Wales

Wonderful Wales: Five other famous Welsh sports successes

Golf: Woosnam Masters Augusta

Ian Woosnam or The 'Wee Welshman' as he was fondly known stood tall at the demanding Augusta course in 1991. Adorned in eye-catching red-chequered trousers he went to the final hole tied for the lead with two-time Masters champion Tom Watson and top Spaniard Jose-Maria Olazabal. However, both his co-leaders dropped shots on the 18th. Despite being the world number one going into the major, the organisers hadn't figured him as a contender. "They didn't actually have a jacket to fit me so I had to get one from the press officer. I used his jacket," Woosnam told The Guardian in April.

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Athletics: Hurdles no barrier to Jackson

Colin Jackson a flamboyant character off the track -- he once turned up at a promotional event for the world championships in Sevilla dressed in a striking pink matador's outfit -- enjoyed his greatest moment in the 110 metres hurdles at the 1993 world championships in Stuttgart. The 26-year-old Cardiff-born athlete -- whose talent had shone early with silver at the 1988 Olympics -- destroyed a class field to take gold and break Roger Kingdom's world record.

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Rugby Union: Dragon roars to rare victory over All Blacks

Wales' last victory over the mighty All Blacks came 29 matches and 63 years ago in Cardiff in 1953. It came in adverse circumstances, trailing 8-3 and with wing Gareth Griffiths carrying on despite a dislocated shoulder, whilst skipper Bleddyn Williams 'the prince of centres' soldiered on despite torn thigh ligaments. Ken Jones gave the faithful Welsh choirs a reason to cheer as he nipped in to touch down and turn the match on its head for a 13-8 win.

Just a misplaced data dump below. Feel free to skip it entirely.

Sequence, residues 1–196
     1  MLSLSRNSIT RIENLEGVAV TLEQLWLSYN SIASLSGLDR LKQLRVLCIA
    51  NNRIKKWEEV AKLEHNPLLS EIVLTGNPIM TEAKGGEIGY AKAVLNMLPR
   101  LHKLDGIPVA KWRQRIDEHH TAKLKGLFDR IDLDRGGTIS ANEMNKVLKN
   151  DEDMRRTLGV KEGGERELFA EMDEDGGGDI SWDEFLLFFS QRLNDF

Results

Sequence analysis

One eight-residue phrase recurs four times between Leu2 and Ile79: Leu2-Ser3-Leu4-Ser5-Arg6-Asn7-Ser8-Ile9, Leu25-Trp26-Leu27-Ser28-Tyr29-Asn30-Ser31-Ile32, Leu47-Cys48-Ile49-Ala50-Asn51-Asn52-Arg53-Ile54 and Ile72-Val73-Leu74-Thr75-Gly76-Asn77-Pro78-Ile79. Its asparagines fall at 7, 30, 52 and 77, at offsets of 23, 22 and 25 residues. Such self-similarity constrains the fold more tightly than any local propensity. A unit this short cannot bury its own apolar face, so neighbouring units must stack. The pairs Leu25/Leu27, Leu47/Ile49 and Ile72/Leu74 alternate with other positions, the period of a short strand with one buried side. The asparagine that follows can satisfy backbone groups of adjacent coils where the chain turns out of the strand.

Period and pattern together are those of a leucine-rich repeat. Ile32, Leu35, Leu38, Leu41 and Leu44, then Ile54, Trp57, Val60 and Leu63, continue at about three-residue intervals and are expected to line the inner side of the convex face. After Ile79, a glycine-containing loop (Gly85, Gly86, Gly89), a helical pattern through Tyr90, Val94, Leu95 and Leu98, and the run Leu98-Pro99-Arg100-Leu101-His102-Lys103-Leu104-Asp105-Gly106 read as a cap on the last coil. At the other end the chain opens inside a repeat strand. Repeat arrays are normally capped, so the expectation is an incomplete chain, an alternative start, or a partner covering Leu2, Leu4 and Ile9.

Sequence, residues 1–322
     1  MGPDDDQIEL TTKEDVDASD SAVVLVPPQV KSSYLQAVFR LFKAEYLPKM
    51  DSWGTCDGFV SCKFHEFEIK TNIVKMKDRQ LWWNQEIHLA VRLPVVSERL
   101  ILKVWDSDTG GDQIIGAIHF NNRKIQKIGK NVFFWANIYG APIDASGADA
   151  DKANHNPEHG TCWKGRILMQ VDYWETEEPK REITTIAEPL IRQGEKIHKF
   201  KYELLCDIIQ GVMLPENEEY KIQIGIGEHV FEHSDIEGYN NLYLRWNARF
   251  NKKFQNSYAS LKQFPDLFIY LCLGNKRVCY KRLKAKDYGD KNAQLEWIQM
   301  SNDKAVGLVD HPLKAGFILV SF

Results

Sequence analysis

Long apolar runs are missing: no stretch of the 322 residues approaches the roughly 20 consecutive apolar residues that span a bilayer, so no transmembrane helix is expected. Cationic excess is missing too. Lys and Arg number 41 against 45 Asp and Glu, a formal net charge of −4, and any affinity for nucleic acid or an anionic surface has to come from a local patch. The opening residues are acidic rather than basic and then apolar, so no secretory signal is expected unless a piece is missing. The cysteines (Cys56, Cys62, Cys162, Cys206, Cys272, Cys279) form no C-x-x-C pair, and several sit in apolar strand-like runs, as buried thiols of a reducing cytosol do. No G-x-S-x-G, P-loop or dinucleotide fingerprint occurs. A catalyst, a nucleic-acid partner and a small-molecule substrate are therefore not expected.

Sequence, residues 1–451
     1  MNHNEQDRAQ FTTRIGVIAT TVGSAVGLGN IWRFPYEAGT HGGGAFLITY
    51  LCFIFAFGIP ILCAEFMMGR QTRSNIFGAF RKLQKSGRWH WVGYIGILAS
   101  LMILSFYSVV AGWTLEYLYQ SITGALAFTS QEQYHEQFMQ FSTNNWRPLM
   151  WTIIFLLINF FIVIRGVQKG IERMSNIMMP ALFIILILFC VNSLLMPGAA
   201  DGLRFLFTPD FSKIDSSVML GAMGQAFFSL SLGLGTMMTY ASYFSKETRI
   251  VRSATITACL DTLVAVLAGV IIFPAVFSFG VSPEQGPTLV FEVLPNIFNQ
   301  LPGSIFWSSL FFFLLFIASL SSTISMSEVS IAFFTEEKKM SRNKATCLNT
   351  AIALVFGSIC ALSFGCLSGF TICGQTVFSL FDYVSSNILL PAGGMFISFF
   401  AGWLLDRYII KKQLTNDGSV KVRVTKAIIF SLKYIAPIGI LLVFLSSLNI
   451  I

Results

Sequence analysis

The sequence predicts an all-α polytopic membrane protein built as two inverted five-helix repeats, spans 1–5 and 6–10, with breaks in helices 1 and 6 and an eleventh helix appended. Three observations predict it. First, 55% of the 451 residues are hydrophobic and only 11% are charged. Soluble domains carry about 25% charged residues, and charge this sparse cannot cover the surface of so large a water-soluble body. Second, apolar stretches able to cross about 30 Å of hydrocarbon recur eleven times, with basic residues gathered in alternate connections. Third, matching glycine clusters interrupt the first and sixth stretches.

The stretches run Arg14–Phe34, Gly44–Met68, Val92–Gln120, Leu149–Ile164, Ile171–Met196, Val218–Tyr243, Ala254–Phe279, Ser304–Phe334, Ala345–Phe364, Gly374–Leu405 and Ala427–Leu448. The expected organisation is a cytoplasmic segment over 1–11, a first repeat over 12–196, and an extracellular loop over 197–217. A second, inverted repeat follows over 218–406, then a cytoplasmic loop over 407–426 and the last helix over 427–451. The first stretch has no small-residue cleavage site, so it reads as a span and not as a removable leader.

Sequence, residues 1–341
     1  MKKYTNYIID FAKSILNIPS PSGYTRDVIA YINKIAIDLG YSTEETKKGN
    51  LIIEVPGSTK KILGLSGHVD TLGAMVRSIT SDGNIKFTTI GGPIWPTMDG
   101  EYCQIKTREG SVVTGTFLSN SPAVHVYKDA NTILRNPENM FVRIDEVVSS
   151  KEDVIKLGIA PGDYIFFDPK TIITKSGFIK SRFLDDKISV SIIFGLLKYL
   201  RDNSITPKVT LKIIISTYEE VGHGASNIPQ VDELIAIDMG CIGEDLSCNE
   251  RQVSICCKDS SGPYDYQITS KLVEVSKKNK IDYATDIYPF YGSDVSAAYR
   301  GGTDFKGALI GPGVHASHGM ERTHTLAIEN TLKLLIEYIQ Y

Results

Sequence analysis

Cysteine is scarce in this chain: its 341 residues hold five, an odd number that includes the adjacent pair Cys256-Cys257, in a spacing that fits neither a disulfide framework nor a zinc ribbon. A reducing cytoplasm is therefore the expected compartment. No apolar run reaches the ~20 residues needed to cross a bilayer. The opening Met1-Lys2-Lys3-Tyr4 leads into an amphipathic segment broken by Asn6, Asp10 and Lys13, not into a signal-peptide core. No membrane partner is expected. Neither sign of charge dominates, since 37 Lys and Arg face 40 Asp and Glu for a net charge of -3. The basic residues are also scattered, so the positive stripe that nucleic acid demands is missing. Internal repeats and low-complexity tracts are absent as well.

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Boxing: Calzaghe dominates on 'Judgement Day'

Joe Calzaghe's finest moment came in a dominant display by the WBO light middleweight champion -- on his return from a broken hand -- for the IBF title against hot American favourite Jeff Lacy in a 2006 bout that was tagged 'Judgement Day'. Calzaghe, then 33 and had been WBO champion for nine years, won every round with his fans packed into the arena in Manchester chanting 'easy' much to the chagrin of the previously unbeaten American opponent. "He met me at my best and I could have gone 15 rounds that night. I was just on another level. I knew my career was on the line," Calzaghe told 'The Ring' magazine.

Photo: John Gichigi Getty Images

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Horse Racing: Nice one Sirrell

Desert Orchid, whose front running and courageous jumping exploits lit up the 'Sport of Kings' in the 1980's came to the 1990 Cheltenham Gold Cup as the hot favourite and defending champion. That plan came spectacularly undone in the unlikeliest shape of 100/1 Welsh challenger Norton's Coin, trained by farmer Sirrell Griffiths. Given a superb ride by veteran Graham McCourt he ran out of his skin to beat Toby Tobias and 'Dessie' a tame third.

Photo: PA PA Archive/Press Association Ima

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